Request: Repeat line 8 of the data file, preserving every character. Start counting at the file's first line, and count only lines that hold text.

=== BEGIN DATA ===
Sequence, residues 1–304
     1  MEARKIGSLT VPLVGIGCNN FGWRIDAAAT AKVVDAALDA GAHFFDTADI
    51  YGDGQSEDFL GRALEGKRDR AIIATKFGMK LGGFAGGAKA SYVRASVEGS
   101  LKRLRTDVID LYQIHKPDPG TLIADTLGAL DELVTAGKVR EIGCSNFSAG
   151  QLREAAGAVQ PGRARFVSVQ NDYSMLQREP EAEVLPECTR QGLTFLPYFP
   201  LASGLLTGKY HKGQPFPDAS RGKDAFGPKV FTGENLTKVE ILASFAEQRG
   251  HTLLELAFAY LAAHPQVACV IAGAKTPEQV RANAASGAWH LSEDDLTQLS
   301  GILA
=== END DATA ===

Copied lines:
   301  GILA